By Julie Tomascik
The cattle fever tick, and the disease it carries, has the capability to cripple the Texas cattle industry if it’s not contained.
With the spread of ticks outside the permanent quarantine zone, Texas ranchers, veterinarians and animal health officials are growing increasingly concerned.
As of Feb. 8, more than 500,000 acres in Texas are under various quarantines. Counties with infested premise quarantines include Cameron, Kleberg, Live Oak, Maverick, Starr, Webb, Willacy and Zapata.
There are 2,083 adjacent and check quarantined premises and 98 exposed quarantined premises, according to the Texas Animal Health Commission (TAHC).
Counties with exposed, adjacent or check premises quarantines include: Bastrop, Bee, Caldwell, Calhoun, Cameron, Colorado, Denton, DeWitt, Dimmit, Falls, Fayette, Frio, Goliad, Gonzales, Hidalgo, Jim Wells, Karnes, Kendall, Kinney, Kleberg, Live Oak, Maverick, McMullen, Milam, Mills, Parker, Runnels, Starr, Uvalde, Val Verde, Webb, Wharton, Willacy and Zapata.
“I think we are less vigilant to check for ticks because the eradication program worked so well,” said Jared Ranly, a large animal practitioner in Falls County.
Eradication programs began in the early 1900s, and a permanent buffer zone was created in 1943 along the Texas-Mexico border to help prevent re-establishment of ticks.
The disease could have a catastrophic effect on Texas, the number one cattle state in the nation, because of the pest’s reproductive cycle.
Females lay up to 4,000 eggs, each of which finds a host to start the life cycle again. The tick remains on the host for about 25 days. Any animal movement during this time allows the ticks to be dropped in new locations, further spreading the disease.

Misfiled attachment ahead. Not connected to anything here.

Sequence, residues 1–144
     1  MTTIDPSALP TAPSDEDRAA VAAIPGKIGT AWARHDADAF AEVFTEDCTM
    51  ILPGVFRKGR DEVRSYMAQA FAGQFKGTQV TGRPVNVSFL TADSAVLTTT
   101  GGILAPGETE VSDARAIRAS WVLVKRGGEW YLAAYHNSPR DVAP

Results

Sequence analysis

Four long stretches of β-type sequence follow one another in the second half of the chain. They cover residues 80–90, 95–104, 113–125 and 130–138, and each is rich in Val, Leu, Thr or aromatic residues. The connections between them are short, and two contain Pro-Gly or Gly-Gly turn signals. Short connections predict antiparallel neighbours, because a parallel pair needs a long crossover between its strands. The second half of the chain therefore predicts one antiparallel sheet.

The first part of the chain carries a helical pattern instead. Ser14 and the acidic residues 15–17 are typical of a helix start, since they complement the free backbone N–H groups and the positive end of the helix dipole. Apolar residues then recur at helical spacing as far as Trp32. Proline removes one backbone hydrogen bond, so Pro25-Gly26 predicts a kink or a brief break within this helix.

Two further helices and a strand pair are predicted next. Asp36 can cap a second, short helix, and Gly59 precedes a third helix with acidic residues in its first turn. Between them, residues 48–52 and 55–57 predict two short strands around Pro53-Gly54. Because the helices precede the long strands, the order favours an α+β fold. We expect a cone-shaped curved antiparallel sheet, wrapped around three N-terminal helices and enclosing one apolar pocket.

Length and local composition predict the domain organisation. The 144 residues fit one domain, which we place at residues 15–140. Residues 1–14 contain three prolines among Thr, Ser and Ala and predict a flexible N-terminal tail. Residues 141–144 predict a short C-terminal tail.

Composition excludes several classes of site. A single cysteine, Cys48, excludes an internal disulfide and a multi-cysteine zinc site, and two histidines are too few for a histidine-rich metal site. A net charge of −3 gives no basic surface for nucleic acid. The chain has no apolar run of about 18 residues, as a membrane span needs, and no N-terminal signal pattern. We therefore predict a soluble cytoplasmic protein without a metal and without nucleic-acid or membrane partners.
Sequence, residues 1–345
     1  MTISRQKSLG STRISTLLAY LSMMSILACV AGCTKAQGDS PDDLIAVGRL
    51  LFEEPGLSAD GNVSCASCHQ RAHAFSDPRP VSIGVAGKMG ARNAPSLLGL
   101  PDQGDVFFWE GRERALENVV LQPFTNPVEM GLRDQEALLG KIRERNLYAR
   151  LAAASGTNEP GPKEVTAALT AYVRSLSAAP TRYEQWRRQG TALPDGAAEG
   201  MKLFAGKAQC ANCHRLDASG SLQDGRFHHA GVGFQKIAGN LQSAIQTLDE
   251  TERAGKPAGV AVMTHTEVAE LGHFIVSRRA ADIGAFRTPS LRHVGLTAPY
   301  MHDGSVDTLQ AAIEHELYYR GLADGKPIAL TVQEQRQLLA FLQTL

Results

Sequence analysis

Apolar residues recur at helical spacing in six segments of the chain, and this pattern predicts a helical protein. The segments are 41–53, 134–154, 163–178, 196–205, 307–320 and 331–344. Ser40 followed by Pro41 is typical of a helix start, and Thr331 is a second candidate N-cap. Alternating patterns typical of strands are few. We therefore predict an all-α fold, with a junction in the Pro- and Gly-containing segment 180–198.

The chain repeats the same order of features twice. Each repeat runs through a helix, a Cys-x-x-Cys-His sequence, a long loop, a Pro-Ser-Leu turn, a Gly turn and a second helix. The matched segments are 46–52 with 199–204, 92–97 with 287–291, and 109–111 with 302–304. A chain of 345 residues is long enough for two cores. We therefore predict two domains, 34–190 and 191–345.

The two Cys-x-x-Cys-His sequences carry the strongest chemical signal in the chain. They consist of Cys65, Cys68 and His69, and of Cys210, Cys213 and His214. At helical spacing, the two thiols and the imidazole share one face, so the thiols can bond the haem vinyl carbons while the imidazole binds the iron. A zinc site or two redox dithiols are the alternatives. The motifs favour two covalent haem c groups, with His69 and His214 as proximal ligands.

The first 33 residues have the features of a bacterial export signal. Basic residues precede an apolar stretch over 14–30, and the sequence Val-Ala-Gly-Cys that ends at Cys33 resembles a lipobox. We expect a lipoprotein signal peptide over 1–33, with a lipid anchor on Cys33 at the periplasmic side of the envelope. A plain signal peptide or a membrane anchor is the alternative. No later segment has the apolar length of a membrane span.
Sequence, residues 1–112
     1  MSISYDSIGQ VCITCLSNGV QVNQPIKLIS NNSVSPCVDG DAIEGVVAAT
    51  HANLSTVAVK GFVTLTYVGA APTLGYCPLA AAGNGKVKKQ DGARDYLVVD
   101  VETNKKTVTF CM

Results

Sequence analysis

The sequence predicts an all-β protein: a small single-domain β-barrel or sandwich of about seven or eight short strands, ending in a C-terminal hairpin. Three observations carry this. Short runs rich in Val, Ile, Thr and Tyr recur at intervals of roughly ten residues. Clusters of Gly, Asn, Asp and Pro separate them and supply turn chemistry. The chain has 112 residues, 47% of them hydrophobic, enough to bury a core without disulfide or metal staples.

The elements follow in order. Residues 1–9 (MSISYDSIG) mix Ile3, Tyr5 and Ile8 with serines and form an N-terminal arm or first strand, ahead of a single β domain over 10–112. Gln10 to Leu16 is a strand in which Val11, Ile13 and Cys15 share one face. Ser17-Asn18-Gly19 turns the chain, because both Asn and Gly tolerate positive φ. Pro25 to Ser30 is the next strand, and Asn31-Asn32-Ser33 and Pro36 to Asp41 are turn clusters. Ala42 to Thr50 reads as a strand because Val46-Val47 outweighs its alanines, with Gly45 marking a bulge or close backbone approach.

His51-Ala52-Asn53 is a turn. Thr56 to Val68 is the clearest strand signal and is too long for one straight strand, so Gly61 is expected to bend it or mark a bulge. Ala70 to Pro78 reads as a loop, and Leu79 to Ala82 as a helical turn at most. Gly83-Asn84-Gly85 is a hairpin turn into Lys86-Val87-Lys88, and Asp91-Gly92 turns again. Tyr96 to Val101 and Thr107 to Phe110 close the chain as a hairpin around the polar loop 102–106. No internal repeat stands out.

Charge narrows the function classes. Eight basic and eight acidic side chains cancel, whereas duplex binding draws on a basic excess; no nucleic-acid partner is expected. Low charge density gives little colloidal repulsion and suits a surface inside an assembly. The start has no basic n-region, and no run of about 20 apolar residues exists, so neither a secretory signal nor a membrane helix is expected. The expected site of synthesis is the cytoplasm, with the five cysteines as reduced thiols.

The tick carries a disease agent called Babesia. The organism attacks red blood cells and causes anemia and death following symptoms, such as spleen and liver enlargement and high fever.
If the cattle fever tick feeds on blood from an infected animal and lays eggs, the offspring will carry the disease agent to the animal it feeds on.
Once fever ticks are confirmed on a premise, an “infested quarantine” is issued for both the livestock and the premise.
“In accordance with fever tick regulations, cattle and horses on the infested premises are systematically inspected and treated at either 14-day or 28-day intervals, depending on the treatment protocol developed for that herd and premises, for six to nine months, dependent upon the time of year the infestation is discovered,” TR Lansford, assistant executive director of Animal Health Programs for TAHC, said. “Cattle can be moved from the premises after two ‘clean’ inspections and dip treatments, between seven and 14 days apart, with the second treatment being through a swim vat.”